Are you ready for the new responsible and sustainable investments regulations?

In this article we outline how the upcoming regulatory changes will impact your advice process and highlight the key issues you’ll need to consider when preparing for them. FOR ADVISER USE ONLY.

26 January 2021

One of the positives from 2020 was the increasing engagement in investing for good from across the investment industry. With new regulations set to bake ESG considerations into the advice process and clients increasingly conscious of the impact their investments have on the world, ESG looks set to be an even more crucial topic for financial advisers in 2021 and beyond.

How will the regulation changes affect you?

Last year, the EU Commission asked the European Securities and Markets Authority (ESMA) to propose changes to MiFID II, AIFMD and UCITS to bring the investment industry and financial advice firms into line with the UN’s Sustainable Development Goals and the Paris climate agreement. The MiFID II changes are aimed at advisers and are expected to be written into the Official Journal in the first quarter 2021. 

Why is this still relevant now that we aren’t in Europe? These may be European rules, but they have been developed in conjunction with UK authorities. Unsurprisingly, the FCA has indicated that it intends to "match the ambition of" MiFID II and sustainability legislation, even though we have left the EU. This means that UK legislation will require advisers to assess sustainable investment preferences prior to making a recommendation. Any investment recommendations will need to be supported by a process that has considered responsible investment factors, such as sustainability risk, and your fact find and advice letter will need to demonstrate the consideration of sustainability risks. So even if your clients are not interested in ESG, you will still need to have knowledge on the sector and a suitable policy in place.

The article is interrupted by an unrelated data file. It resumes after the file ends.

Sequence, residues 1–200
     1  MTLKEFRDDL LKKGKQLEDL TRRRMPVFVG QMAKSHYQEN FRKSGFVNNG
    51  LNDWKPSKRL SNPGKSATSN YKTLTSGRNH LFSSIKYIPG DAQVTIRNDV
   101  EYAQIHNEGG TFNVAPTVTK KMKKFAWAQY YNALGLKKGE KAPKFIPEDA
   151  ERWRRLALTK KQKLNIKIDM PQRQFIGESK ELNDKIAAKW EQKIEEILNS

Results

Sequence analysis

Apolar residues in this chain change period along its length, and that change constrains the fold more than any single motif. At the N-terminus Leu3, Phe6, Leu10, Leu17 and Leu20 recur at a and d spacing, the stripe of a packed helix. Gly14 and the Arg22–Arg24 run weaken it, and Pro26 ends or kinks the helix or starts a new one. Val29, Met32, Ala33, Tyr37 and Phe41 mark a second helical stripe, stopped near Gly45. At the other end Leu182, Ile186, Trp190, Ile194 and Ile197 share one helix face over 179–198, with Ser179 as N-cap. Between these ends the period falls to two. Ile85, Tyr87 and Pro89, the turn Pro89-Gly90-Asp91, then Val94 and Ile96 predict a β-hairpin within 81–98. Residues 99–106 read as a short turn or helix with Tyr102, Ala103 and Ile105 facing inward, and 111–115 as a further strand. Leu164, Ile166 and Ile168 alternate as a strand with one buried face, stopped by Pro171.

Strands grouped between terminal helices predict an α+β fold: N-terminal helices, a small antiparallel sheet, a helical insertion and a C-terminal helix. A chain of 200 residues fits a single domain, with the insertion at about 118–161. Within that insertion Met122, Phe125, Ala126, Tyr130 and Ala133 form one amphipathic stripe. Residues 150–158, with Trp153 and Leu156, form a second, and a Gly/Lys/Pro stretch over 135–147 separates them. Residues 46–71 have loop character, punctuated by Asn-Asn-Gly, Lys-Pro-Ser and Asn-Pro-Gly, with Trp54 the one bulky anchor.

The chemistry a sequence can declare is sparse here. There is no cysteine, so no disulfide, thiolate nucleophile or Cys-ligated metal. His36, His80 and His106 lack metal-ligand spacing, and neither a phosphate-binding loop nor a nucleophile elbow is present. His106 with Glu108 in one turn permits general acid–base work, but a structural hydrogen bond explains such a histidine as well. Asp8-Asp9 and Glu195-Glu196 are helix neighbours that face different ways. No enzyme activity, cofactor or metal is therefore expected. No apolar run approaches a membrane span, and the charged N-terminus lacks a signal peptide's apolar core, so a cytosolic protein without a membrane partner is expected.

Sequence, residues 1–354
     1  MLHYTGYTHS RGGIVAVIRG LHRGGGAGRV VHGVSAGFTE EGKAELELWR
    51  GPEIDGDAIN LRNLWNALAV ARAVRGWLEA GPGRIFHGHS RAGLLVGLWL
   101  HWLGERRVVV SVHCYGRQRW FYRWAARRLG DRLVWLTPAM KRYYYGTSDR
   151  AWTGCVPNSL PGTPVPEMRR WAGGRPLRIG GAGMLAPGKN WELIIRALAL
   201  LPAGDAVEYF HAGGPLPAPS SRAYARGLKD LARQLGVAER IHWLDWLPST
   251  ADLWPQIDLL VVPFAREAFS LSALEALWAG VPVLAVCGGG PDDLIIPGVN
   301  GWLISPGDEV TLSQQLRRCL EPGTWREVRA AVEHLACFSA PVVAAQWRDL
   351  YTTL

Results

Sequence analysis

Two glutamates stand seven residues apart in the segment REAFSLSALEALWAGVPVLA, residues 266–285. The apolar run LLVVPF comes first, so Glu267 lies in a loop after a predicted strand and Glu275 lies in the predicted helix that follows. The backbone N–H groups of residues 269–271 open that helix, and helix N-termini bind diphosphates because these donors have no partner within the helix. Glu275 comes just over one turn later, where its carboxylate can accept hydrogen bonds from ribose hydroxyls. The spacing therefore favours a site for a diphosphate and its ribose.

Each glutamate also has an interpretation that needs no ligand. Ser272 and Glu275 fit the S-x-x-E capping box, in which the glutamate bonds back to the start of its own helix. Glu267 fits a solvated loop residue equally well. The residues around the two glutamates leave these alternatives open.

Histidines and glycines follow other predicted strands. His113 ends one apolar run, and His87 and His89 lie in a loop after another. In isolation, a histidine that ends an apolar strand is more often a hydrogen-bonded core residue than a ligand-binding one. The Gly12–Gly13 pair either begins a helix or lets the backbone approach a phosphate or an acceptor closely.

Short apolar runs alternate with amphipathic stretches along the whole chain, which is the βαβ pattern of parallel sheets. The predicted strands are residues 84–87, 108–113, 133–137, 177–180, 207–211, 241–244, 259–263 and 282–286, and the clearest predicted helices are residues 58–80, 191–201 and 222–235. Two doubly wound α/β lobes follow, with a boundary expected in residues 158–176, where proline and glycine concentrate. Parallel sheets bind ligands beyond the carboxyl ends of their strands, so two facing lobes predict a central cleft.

There are a number of important factors that we think advisers will need to consider as part of their advice process in light of the new regulations:

  1. Complexity – With new rules, new terminology and new process requirements, there is an enormous compliance burden on financial advisers. Simple oversights in each area could have implications with the regulator or for client complaints.
  2. Definitions – This is without doubt the issue we get questioned on the most. New terminology including ESG, sustainability, exclusions, minimising, impact investing and positive investing are just the tip of the iceberg. Being able to handle complex value discussions on each of these can be a daunting task.
  3. Greenwashing – A term which is used for investments that claim to be green but do not actually fulfil their sustainable intentions. An example of this is where an investment or a fund cuts out tobacco but only does so with a small proportion of its investments.
  4. Negative versus positive investing – The nuances of responsible investment can cause contention between different approaches to investing for good. Suppose you take a company with a high carbon footprint; on one hand that is bad, but if the company is making strides to improve, it is good. So where does it fall? Bad or good, should it be filtered out, or engaged with to continue its progress
  5. Process and governance – The FCA is well known for creating frameworks, allowing the industry to decide and produce creative solutions to complex issues. Ensuring that you have a robust process in place with sound, detailed reporting will be essential to meet the spirit of the regulations.